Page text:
Why You May Feel Sickly After Leaving a Toxic Relationship

Why You May Feel Sickly After Leaving a Toxic Relationship why you may feel sickly after leaving a toxic relationship
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If you’ve recently left an abusive or toxic relationship, you may find yourself experiencing strange physical symptoms and illnesses in the aftermath. Headaches, exhaustion, nausea, body aches — you might be surprised at just how drained and sickly you feel, even though you’ve removed yourself from that unhealthy situation.

This phenomenon of feeling physically unwell after ending a toxic relationship, despite being free from the abuse itself, is actually quite common. The reasons behind it reveal just how profoundly your mind, body and spirit can be impacted by the abuse you’ve gone through.

The Stress of Surviving

One major factor is the intense physiological stress your body has endured just from surviving in a toxic environment for an extended period. Living in a constant state of hyper-vigilance, anxiety, and fear takes an immense toll. Your body’s fight-or-flight response has been in overdrive as you navigated the landmine of avoiding your abuser’s next eruption or cruel put-down.

This chronic stress weakens your immune system over time, leaving you more susceptible to every bug and virus. Your adrenal glands may be depleted from pumping out excessive cortisol. Muscle tension, teeth grinding, disrupted sleep — all can contribute to physical pain and fatigue building up.

So when you break free from that toxic environment, it’s almost like your body crashes from running that endless marathon of being on high alert. All the adrenaline being pumped through your veins on a daily basis suddenly stops, and you’re left feeling physically depleted.

The Traumatic Impact of the Abuse

Toxic relationships can cause a lot of emotional and mental pain, even if there is no physical violence. The constant manipulation, belittling, and betrayal in these relationships can be very damaging. This kind of trauma affects both your mind and your body deeply.


Many people who leave abusive relationships experience symptoms such as panic attacks, being overly alert, flashbacks, and difficulty managing emotions. The trauma has affected your nervous system, making you feel constantly uneasy, jumpy, or unwell without knowing the reason. On a subconscious level, your body holds the weight and remains of the trauma you’ve experienced. This means that new situations in your life can trigger these unprocessed traumatic memories, making you feel uneasy and often sick.

For example, if you experienced intense criticism in an abusive relationship, hearing even mild criticism from a coworker or friend might trigger a strong reaction. You might feel panic, a racing heart, or a sense of dread, even though the current situation is not as severe. This is because your body is reacting to the old trauma that hasn’t been fully processed.

Lack of Self-Care

In toxic relationships, there is often a codependent bond between the victim and the abuser. To survive, you might have adapted by focusing intensely on your partner’s needs and ignoring your own. This means you learned to overlook your own physical and emotional well-being. After leaving such a relationship, you might feel lost, confused, and physically unsettled. Simple self-care tasks like eating regularly, staying hydrated, exercising, and nurturing yourself can feel unfamiliar. Without your narcissistic partner directing your life, you might drift in a depleted state, struggling with basic self-care. So, without you taking care of yourself you will of course be feeling lethargic, exhausted and sickly.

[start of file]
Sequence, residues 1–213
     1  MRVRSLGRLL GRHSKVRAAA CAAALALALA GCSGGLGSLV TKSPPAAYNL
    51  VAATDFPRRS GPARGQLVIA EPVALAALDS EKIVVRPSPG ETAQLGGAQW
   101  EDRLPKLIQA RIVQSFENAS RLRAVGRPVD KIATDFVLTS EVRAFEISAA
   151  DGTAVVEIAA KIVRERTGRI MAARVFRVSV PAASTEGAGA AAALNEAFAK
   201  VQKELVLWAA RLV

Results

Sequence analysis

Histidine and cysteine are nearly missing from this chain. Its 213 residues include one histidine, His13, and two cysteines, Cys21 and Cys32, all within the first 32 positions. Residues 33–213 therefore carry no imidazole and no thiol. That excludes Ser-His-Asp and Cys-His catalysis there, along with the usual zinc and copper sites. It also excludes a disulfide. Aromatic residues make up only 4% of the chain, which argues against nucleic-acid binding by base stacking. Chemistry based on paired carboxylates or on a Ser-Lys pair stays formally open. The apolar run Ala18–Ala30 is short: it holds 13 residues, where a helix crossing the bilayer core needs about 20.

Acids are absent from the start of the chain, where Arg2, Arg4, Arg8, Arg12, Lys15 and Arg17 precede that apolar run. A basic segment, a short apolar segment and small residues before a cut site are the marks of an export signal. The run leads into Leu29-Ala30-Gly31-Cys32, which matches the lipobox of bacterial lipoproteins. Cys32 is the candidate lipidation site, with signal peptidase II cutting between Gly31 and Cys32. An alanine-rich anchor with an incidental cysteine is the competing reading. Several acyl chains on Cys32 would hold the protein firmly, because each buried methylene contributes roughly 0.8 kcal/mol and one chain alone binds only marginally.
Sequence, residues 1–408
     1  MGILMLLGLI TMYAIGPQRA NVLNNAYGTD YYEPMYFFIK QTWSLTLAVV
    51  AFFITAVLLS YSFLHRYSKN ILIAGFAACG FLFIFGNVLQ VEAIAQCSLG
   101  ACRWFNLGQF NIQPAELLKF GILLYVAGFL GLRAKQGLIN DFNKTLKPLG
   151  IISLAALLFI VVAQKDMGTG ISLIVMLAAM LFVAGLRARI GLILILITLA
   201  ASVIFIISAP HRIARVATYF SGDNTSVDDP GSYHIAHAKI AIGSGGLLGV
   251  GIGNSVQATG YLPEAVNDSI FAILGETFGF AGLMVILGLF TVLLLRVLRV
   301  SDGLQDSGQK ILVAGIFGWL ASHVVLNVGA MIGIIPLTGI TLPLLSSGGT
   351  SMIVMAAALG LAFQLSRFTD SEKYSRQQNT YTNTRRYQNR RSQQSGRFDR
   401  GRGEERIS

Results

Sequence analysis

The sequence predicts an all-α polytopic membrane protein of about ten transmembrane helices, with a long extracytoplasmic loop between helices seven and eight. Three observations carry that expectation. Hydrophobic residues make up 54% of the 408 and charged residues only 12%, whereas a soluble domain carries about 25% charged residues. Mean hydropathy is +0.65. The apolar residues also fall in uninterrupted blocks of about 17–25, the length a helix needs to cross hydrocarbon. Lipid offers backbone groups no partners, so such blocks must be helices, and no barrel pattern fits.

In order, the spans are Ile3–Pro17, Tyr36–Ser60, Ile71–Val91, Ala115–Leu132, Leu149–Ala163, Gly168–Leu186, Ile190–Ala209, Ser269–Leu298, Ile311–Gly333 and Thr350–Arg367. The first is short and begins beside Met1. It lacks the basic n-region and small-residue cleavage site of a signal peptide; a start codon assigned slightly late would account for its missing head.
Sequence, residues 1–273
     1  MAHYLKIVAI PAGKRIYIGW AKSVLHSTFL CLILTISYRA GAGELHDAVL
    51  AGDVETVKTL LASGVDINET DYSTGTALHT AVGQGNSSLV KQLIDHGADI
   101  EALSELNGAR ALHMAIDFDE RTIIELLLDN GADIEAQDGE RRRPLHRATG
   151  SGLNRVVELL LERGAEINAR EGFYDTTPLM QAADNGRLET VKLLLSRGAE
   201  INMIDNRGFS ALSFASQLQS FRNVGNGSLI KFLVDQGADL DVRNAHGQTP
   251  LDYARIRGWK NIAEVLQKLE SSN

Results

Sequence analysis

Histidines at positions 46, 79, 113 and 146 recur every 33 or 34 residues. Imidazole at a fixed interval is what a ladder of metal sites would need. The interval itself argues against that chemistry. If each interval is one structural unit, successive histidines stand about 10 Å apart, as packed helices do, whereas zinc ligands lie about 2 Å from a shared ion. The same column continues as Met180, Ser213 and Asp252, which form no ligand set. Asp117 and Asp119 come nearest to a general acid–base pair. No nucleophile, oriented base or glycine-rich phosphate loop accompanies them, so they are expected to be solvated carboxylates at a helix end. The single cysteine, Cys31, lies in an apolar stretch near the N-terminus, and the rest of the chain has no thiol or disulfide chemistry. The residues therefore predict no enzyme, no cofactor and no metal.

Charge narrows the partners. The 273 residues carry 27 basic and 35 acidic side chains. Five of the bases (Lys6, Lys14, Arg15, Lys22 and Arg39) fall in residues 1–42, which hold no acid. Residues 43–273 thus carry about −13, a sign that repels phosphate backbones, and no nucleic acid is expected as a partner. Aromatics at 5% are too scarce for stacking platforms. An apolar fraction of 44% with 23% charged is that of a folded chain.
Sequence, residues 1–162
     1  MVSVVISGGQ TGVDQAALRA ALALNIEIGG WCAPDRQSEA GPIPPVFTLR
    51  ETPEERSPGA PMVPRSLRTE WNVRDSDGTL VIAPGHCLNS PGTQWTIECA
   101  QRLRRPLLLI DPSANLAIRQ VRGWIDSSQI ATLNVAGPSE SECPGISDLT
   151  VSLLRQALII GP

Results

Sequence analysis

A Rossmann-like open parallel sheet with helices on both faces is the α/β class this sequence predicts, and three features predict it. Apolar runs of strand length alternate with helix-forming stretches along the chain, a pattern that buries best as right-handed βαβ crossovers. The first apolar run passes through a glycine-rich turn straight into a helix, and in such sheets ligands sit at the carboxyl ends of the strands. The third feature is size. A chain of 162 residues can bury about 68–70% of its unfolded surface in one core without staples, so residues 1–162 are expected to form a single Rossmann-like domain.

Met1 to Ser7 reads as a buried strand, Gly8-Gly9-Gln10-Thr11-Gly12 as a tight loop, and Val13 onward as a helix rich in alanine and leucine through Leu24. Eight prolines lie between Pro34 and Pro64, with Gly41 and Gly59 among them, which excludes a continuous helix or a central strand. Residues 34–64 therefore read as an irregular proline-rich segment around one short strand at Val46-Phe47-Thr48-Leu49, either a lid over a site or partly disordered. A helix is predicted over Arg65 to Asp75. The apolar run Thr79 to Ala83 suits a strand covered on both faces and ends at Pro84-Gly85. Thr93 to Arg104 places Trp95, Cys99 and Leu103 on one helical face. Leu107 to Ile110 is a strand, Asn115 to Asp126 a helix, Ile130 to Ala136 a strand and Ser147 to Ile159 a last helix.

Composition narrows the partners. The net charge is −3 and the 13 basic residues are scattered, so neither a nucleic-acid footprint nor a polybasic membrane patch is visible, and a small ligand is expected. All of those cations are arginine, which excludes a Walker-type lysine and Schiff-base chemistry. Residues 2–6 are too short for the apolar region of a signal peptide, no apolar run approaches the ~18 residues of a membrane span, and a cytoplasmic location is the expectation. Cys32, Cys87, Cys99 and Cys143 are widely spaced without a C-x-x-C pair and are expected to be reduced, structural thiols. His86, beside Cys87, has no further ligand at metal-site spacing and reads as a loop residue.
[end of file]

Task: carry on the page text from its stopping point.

Emotional Numbness and Dysregulation

To cope with ongoing abuse, you might have developed emotional numbing or dissociation, shutting down parts of yourself just to survive. While this coping mechanism helps during traumatic events, it becomes harmful in everyday life. After leaving the abusive situation, reconnecting with your emotions in a healthy way can be very difficult. You might either feel numb and disconnected from your feelings or overwhelmed by delayed emotions that crash through your defenses. This emotional dysregulation affects your body too, causing panic attacks, erratic sleep and eating patterns, and physical illnesses.


Even after leaving an unhealthy, abusive situation, you might grieve the loss of what you hoped the relationship could have been. You may feel guilt, shame, denial, or wonder if you made the right choice. These feelings are normal stages of grieving the idealized future you had invested in. Acknowledge this genuine loss by allowing yourself to feel sadness, anger, and disappointment. Like recovering from any major trauma, there is a grieving period needed before you can rebuild and move forward healthily. Be gentle with yourself during this period, as you might experience mood swings, lack of motivation, and even physical discomfort. But there’s only one way to go, and that is facing that pain even when it seems or feels overwhelming.

Note from the Author

If you’re ready and you’d like my help with healing, finding peace in life and breaking free from these toxic patterns, then you can book a FREE BREAKTHROUGH CALL with me HERE. Happy healing 💙💙. Feel free to share and comment! Use this information with caution, it comes from my own thoughts & bias, experiences and research😊.

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Edwin Bii
Edwin Bii

I'm Edwin Bii, a trained advanced conversational hypnotherapist (ACH) and Mind Shifting Coach from Kenya offering mental health support, and life coaching to help you crush your goalsand overcome your problems. Together, we'll navigate challenges, build self-awareness, and create a happier, healthier you. Let's unlock your potential.

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